Professional Development (CMTE)

All MT-BCs need to acquire 100 recertification credits every 5 years. One of the ways to do this is by taking CMTE courses to further your professional development. There are a plethora of music therapists and private practices who offer CMTE courses. The Hub is continuing to provide CMTE courses, webinars, and podcast episodes to give you some inspiration and ideas. CMTEs are wonderful if you are looking to get credit, but they are very focused and may be expensive if you are just trying to get some quick ideas. The Certification Board for Music Therapists website provides many ideas on how to earn credits for FREE.


Music Therapy Exchange

Recently a website was created to fill the gap of there being no one stop shop to easily share and search intervention ideas for many different populations. This website is Music Therapy Exchange. It is primarily an intervention database where music therapists, interns, and students can share and search for interventions based on population, goal, type of music, and more. The website launched on November 21st, 2019 and is just beginning. As a mainly crowdsourced site, it could use all the expertise and ideas from each reader to build a resource to bring music therapists together and advance the field of music therapy. If you would like to contribute, go to, make an account, and start creating interventions! It should only take 5-10 minutes of your time but will help create a really useful resource for all current and future music therapists!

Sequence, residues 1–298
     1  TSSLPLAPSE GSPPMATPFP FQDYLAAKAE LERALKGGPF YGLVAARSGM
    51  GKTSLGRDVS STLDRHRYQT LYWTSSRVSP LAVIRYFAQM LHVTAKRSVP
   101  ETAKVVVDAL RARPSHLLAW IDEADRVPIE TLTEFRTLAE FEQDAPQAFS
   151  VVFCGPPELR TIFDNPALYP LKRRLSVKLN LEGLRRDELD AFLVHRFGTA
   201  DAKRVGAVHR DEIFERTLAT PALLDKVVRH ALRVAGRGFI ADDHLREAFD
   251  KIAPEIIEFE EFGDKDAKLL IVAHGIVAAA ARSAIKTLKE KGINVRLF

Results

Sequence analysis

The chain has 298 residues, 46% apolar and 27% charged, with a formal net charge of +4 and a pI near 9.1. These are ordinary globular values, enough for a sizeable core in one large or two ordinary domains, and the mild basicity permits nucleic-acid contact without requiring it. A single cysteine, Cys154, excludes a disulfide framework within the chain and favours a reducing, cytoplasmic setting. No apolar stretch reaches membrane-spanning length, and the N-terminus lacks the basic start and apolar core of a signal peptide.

Samantha Hassold is currently a music therapy intern. She completed her undergraduate coursework at the University of Miami and will conclude her internship at The Center for Discovery working with students with complex disorders in April 2020. She has worked with children with special needs, hospitalized children, and veterans with PTSD. At the University of Miami, she was trained in Neurologic Music Therapy, and is now exploring the world of improvisational music therapy. Her primary instrument is my voice and she hopes to continue performing. She is also an avid musical theater fan and enjoy the great outdoors.

Originally posted at on April 1, 2020.